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Wartime home grown anaesthetics. Part 4: Winter

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White bryony flower In this series we are looking at plants which were used as anaesthetics in ancient Roman and medieval times and in wartime Britain.    In my last three posts in March, June and September, I described the progress of several such plants including henbane, jimsonweed/thornapple, white bryony/English mandrake, mediterranean/european mandrake, opium poppy, hemlock/poison hemlock, monkshood/wolfsbane and deadly nightshade.    It’s now December, the garden is dormant so let’s take a look at how one might use these plants in practice. First the usual warning: DON’T TRY THIS AT HOME.   These plants can be highly toxic or even fatal.   The purpose of this series is to imagine what we might have to do if we were thrown into some national emergency, the usual supply lines for the import of pharmaceuticals broke down, and we had to make do with whatever was at hand – just like people did in wartime Britain.   These are not recreational drugs and nobody should attempt to use the

Trussonomics 101

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Liz Truss, ex-Prime Minister of UK For anyone who has not been following the horror show of British politics in the last few weeks, here is a brief summary: Liz Truss was elected Prime Minister on 6 September 2022 following the resignation of her predecessor. She appointed Kwasi Kwarteng as her Chancellor, who announced a “mini-budget” on 23 September. This contained £45 billion in unfunded tax cuts including the abolition of the 45% higher rate of income tax and the scrapping of the limit on bankers' bonuses – both unpopular measures which were widely seen as benefiting the rich at the expense of the poor. Following the mini-budget, the financial markets tanked, interest rates rose, sterling fell to its lowest ever level against the US dollar and turmoil in government bond prices led the Bank of England to launch an emergency bond buying programme. This caused house mortgage lenders to withdraw over 40% of their products, with other products repriced upwards. The package was crit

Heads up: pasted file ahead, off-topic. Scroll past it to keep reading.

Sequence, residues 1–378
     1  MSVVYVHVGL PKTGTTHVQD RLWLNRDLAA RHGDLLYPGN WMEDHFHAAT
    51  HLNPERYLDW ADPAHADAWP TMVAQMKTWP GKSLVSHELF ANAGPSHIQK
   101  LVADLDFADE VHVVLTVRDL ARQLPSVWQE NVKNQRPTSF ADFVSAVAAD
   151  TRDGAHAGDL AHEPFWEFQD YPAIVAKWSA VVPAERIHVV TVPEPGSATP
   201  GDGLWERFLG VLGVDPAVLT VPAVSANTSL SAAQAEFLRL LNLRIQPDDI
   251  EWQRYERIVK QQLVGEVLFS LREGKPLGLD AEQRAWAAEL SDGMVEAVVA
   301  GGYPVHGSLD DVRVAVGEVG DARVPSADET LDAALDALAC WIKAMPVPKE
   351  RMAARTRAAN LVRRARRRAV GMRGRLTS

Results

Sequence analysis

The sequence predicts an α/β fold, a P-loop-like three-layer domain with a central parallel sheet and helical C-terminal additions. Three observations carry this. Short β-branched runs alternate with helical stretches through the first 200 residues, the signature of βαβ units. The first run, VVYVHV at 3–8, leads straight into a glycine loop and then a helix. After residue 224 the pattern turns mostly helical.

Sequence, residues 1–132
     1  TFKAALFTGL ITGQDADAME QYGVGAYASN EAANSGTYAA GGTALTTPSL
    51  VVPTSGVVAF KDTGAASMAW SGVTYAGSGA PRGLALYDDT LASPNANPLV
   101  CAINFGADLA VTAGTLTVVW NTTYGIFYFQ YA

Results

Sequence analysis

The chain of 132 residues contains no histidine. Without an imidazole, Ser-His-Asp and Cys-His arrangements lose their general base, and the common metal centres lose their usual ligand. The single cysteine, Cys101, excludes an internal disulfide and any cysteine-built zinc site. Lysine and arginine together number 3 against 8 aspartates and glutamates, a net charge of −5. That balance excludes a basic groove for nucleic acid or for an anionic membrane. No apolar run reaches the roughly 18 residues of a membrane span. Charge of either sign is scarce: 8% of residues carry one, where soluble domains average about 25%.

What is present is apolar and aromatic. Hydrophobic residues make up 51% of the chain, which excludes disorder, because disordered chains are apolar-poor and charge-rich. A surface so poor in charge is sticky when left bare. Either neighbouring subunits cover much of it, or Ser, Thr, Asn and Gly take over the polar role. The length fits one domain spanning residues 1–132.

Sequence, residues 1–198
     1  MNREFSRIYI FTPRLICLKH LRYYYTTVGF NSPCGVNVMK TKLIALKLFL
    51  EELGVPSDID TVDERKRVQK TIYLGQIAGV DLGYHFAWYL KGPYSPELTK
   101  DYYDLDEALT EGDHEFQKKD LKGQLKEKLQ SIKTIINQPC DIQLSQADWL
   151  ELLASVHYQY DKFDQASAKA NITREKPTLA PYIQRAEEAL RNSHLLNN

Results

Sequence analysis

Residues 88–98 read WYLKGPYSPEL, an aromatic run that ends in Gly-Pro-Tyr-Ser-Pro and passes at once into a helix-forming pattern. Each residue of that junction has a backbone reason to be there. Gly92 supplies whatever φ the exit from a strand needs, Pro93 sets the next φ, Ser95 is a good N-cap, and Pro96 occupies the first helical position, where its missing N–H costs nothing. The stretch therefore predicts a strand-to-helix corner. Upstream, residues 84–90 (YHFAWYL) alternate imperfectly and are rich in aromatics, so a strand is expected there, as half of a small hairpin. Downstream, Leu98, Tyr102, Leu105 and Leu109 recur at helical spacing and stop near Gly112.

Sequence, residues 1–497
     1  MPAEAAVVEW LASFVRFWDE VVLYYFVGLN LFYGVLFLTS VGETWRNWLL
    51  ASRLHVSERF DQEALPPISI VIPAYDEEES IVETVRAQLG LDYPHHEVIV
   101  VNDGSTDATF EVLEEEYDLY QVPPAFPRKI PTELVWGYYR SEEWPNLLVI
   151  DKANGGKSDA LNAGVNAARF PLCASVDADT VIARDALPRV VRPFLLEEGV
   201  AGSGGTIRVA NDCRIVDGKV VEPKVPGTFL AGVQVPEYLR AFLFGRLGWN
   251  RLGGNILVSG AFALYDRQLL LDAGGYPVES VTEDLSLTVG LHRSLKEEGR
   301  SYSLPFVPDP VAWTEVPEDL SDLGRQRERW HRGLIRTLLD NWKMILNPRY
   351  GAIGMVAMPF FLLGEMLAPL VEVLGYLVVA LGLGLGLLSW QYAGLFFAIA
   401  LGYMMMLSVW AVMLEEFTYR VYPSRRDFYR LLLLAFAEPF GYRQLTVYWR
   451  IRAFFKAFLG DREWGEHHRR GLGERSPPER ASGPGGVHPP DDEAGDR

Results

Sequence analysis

Wartime home grown anaesthetics. Part 3: Autumn

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Foxglove In this series we are looking at plants which were used as anaesthetics in ancient Roman and medieval times and in wartime Britain.   In my last two posts in March and June, I described the progress of several such plants including henbane, jimsonweed / thornapple, white bryony / English mandrake, mediterranean / european mandrake, opium poppy, hemlock / poison hemlock, monkshood / wolfsbane and deadly nightshade.   It’s now September, so let’s take a look at how these plants have got on in the last three months. Henbane seed capsules Henbane (Hyoscyamus niger) This annual plant has completed its life cycle by setting seed.   When the seed capsules dry out and turn brown they develop a ring of sharp spikes to deter predators, which makes harvesting the seeds rather painful at times!   The capsule is sealed with a cap; when the plant is ready to release its seeds the cap falls out and the seeds are scattered. These plants only grew to about a foot tall, their maximum height und

Wartime home grown anaesthetics. Part 2: Summer

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In my last post in March, I described how Britain circumvented the German blockades in World Wars 1 and 2 by growing, or foraging, plant-based vital medications, and I showed how to start growing some of those plants.   We are now going to revisit the plants and see how they have got on in the last three months. Henbane (Hyoscyamus niger) This grows well in the Isle of Man climate and as you can see, this specimen has already started to flower.   The plants are still small (about 9 inches) but should reach a height of around three feet before setting seed. Jimsonweed / Thornapple ( Datura stramonium ) A plant of the sub-tropics, Jimsonweed can be an aggressive invasive weed in warm climates but is difficult to grow in cooler climates like the Isle of Man.   This is the third year I have tried to cultivate it   here.   My last two attempts were unsuccessful, but this plant is doing well.   I learned from my previous failures that Jimsonweed needs room temperature (around 20 degrees Cels